Unfortunately, many of these invasive broadleaves have toxins which, when consumed in enough quantity can sicken or kill livestock. Some poisonous species only need to have a few ounces consumed to sicken livestock, while the literature indicates that as much as 0.5 % of body weight, or more, must be consumed of other species. (0.5% of a 1,000 pound animal is 5 pounds).
Practicing good pasture management becomes very important during the summer. Walk your pastures and look for invasive species Learn to identify poisonous species and how to control and eliminate them. In many cases removing animals to rest the pasture, mowing, fertilizing and applying appropriate herbicides will help to keep your animals safe and prime the pasture for renewed growth this Fall.
Visit the Penn State Extension 'Poisonous Pasture Weeds' webpage for a listing of the most common poisonous pasture weeds we see here in the Northeast, and additional information.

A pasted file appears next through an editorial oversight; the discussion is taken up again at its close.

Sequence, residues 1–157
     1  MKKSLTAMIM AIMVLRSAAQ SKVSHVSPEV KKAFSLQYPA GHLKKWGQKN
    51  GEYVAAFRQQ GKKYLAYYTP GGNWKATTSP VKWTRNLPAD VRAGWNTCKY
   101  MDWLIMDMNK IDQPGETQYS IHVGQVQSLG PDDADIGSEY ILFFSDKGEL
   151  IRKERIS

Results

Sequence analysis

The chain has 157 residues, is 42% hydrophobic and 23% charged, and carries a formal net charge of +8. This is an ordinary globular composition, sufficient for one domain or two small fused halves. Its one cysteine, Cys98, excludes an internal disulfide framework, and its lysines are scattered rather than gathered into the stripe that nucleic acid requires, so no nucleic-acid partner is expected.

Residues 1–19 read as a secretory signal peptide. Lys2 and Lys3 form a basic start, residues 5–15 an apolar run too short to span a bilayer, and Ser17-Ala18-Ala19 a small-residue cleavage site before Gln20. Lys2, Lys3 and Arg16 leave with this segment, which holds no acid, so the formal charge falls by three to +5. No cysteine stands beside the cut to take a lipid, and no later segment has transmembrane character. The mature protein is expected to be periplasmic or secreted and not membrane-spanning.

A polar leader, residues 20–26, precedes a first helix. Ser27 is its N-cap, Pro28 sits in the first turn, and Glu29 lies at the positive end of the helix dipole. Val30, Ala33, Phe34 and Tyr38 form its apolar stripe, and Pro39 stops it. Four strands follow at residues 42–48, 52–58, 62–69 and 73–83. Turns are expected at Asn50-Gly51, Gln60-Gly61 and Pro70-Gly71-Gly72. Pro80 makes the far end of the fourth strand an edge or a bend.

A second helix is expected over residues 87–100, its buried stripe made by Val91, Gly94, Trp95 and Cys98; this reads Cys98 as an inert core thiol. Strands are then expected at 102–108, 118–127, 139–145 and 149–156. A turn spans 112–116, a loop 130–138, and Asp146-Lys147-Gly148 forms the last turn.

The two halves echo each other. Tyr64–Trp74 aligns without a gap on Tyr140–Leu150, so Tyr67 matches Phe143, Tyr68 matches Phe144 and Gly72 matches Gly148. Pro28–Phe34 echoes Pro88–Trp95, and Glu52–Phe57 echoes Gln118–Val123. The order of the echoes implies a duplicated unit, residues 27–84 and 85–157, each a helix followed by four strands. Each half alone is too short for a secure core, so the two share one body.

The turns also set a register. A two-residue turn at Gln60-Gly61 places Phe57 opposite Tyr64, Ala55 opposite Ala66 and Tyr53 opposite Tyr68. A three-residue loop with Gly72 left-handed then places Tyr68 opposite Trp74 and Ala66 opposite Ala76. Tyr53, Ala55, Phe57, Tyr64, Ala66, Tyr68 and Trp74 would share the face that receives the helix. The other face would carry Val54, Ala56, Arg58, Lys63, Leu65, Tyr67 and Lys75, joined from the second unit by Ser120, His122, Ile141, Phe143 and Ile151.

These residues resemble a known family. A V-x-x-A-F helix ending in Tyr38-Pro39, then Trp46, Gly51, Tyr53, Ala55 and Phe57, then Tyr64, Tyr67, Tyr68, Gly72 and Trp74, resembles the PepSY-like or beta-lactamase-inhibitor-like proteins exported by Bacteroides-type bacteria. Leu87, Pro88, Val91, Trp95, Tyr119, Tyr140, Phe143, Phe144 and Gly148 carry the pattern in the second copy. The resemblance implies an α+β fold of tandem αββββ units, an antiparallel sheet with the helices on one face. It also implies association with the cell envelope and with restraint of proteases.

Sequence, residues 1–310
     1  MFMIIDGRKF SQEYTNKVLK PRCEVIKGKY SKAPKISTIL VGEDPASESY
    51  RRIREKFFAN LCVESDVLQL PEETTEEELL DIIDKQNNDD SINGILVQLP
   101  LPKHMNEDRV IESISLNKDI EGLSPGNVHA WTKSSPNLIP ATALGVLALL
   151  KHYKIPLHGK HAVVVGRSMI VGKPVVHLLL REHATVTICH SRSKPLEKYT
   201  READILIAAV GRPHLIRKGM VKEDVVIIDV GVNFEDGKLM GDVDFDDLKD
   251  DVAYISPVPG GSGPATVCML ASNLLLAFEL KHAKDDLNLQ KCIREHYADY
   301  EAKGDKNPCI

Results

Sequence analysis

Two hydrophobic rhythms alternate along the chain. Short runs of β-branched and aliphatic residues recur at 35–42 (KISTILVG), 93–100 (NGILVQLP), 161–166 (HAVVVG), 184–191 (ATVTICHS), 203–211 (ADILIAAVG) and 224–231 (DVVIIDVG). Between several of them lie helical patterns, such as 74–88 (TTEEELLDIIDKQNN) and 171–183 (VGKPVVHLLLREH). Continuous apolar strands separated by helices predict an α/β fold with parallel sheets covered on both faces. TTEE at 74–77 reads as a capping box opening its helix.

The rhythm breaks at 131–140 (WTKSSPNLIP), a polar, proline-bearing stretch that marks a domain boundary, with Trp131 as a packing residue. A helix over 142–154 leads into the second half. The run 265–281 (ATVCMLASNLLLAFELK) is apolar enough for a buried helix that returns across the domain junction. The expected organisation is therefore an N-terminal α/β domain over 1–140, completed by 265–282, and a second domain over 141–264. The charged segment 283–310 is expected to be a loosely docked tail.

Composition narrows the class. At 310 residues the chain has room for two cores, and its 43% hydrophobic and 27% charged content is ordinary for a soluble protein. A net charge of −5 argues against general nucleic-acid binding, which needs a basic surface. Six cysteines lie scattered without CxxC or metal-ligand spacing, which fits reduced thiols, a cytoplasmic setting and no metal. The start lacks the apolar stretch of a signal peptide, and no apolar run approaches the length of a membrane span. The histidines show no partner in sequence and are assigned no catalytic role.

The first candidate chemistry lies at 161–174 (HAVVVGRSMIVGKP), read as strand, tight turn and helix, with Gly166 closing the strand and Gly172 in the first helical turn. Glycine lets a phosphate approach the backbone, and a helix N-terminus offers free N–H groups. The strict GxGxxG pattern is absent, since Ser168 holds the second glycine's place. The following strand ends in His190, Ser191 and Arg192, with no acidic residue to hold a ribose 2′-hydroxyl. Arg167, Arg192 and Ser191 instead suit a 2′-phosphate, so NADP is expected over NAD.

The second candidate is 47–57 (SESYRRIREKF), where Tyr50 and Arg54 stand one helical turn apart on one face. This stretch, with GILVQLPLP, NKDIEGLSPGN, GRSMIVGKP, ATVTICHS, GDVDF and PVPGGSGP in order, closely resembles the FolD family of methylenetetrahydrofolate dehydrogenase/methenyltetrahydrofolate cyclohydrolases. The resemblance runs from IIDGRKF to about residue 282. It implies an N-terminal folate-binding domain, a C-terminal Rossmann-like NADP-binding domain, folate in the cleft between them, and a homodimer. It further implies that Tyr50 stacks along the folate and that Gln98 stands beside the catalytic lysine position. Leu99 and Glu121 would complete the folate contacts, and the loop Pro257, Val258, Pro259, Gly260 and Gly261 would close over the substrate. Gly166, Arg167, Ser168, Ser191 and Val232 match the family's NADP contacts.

As you walk your pastures looking for problem species, it is also an appropriate time to evaluate the pasture as a whole. If desirable species of grasses and legumes are difficult to find and you have growing weedy and bare areas, it may be time to renovate the pasture. See The Penn State Sustainable Agriculture website which has an excellent article to help you assess your pasture and take the appropriate action to meet your pasture productivity goals.